If you hold on to the false views of emptiness and if you deny the law of cause and effect (karma), then you are in a very dangerous position. You may think that all phenomena are unreal and you don’t have to practice morality. With this lack of responsibility, you will create a lot of evil karma and you will suffer the consequences. Being attached to existence will give you vexations, but being attached to the false views of emptiness will give you even greater problems. If, seeking to avoid the attachment to existence, you fall into the trap of the false views of emptiness, then that is like being afraid of getting drowned and jumping into the fire. From the Buddhist point of view, we take the Middle Way, that is, in emptiness there is existence and existence itself is empty.
Question: Does a practitioner necessarily have to go through times when he has the two false conceptions of emptiness?
Sheng Yen: Not necessarily. It depends on whether he or she gets proper guidance. It may happen, especially to people without a good foundation in Buddhism. One student, after returning home after her first retreat, felt that life was very gloomy and meaningless. She felt like giving away everything, breaking all contacts with the world, and just practice by herself. Later, she borrowed and read many books from the Center, and by the third retreat, her attitude changed and she really opened up to life and the world. Others have gone through a similar stage. The reason is that through hard practice these people experienced a deep feeling of emptiness without, however, having enough understanding of Buddhism as a basis.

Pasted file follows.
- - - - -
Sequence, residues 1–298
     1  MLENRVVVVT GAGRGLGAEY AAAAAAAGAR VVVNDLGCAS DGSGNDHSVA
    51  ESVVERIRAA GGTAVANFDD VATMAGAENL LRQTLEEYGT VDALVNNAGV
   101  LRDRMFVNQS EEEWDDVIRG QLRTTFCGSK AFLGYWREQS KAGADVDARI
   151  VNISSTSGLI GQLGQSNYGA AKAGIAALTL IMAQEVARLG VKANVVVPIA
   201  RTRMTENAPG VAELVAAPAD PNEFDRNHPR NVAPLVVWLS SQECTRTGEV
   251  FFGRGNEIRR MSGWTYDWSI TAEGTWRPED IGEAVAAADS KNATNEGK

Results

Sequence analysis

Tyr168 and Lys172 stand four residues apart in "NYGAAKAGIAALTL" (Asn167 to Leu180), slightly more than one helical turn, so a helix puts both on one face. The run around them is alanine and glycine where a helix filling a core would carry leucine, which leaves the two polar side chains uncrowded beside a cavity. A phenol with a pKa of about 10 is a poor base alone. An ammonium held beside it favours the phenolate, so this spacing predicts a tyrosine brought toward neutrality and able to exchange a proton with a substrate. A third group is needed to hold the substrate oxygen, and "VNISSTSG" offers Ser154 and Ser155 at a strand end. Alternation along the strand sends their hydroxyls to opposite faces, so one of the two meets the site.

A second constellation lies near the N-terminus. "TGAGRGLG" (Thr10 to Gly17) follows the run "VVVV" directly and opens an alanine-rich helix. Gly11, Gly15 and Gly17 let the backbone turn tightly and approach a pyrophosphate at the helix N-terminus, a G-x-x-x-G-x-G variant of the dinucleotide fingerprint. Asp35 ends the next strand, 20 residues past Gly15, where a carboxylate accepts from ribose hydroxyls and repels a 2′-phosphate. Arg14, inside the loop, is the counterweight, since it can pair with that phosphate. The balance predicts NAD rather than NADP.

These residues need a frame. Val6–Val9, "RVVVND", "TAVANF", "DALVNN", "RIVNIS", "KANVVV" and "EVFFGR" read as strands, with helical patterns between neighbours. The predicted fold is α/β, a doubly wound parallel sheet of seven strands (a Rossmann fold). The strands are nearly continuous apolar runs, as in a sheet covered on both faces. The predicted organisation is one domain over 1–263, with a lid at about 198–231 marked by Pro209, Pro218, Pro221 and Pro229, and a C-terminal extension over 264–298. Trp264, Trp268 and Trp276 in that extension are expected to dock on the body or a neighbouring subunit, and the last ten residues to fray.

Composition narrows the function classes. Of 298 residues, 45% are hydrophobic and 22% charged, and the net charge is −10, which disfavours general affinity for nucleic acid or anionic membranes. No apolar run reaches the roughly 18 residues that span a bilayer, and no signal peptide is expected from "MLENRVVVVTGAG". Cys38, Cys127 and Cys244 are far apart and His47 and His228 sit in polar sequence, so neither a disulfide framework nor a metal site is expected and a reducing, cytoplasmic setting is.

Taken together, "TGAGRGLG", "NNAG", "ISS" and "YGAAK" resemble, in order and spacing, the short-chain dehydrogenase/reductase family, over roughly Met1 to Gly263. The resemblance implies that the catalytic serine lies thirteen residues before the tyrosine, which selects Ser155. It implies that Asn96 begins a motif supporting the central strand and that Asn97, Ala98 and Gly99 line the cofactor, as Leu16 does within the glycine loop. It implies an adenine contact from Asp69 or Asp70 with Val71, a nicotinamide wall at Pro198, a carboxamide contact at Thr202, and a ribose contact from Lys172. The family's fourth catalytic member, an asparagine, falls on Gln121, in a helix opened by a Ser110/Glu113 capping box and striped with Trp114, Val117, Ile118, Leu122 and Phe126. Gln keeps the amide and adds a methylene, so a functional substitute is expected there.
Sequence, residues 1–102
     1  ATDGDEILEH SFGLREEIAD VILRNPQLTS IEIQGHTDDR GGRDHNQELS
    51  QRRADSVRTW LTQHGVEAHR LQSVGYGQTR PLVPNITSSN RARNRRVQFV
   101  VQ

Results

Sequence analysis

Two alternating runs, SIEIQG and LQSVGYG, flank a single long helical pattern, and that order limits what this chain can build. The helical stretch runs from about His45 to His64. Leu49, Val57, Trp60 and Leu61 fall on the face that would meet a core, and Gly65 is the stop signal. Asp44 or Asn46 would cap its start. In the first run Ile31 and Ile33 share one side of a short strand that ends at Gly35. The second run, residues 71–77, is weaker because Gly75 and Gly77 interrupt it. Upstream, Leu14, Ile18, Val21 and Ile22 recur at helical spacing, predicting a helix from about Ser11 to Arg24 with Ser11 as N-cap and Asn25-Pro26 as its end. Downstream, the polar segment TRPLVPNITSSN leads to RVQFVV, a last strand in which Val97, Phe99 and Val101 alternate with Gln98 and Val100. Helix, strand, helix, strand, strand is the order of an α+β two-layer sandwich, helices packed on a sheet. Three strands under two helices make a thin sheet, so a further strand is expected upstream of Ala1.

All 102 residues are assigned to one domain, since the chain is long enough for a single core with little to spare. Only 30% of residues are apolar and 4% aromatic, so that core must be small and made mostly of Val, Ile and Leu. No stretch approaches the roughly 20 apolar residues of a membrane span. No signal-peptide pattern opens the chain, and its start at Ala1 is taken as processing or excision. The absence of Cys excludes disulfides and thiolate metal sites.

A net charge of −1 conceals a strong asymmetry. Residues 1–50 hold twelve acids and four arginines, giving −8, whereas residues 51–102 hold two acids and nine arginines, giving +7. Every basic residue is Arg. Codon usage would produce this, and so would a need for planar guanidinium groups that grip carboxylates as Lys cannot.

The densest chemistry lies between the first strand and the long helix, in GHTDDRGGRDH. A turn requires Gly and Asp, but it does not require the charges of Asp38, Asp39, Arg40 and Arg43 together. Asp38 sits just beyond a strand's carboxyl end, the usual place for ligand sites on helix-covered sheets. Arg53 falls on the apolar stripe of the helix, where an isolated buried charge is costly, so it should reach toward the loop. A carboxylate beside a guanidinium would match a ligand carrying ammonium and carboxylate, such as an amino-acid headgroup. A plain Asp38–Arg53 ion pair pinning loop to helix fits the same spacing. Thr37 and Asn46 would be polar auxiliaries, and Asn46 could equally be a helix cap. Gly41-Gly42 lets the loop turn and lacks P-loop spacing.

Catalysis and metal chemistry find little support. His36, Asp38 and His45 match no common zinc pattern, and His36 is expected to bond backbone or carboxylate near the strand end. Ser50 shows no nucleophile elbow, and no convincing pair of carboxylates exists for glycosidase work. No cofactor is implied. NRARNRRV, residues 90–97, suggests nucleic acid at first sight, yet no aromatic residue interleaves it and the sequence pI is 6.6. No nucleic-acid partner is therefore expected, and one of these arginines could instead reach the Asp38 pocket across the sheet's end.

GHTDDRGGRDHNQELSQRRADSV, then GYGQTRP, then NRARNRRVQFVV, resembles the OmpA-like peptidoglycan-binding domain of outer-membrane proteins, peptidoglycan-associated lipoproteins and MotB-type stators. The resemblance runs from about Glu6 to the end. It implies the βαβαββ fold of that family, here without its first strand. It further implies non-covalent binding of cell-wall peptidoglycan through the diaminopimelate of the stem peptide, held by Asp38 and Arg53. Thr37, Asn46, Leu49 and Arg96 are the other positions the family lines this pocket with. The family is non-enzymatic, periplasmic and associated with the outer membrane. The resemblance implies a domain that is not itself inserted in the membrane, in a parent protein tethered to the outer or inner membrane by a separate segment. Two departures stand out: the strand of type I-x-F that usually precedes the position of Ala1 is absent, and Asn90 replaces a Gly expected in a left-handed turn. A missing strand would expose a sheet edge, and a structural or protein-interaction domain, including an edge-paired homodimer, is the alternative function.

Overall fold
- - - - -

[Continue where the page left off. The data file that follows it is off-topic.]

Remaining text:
Question: Where does the feeling of a deep sense of loneliness come from?
Sheng Yen: People who cannot connect themselves with the outside world in terms of space and time, who do not understand cause and effect, and causes and conditions, will feel lonely. When I was in solitary retreat, I knew that I was together with all sentient beings in innumerable worlds. Even though I seemed to be alone in a small, enclosed room, actually I was in company with many ants who found their way inside, and insects outside of the hut created all kinds of sounds in the evening. When I opened the sutras, people thousands of years in the past were talking to me. How could I feel lonely? Some people think that I must feel lonely being a monk without any wife or children. Not at all. I have the five precepts and the ten virtuous deeds as my wife and my children are all the people with whom I have developed a karmic affinity, and who call me Shifu (Teacher). It is only people who isolate themselves and cannot establish a relationship with the outside world who feel lonely. If you keep yourself enclosed, even if you live among thousands of people you will still feel very lonely. However, if you keep yourself open, then even if you are living alone, you will still have a very full life. So, open your mind and treat everyone you meet as your intimate, virtuous friend.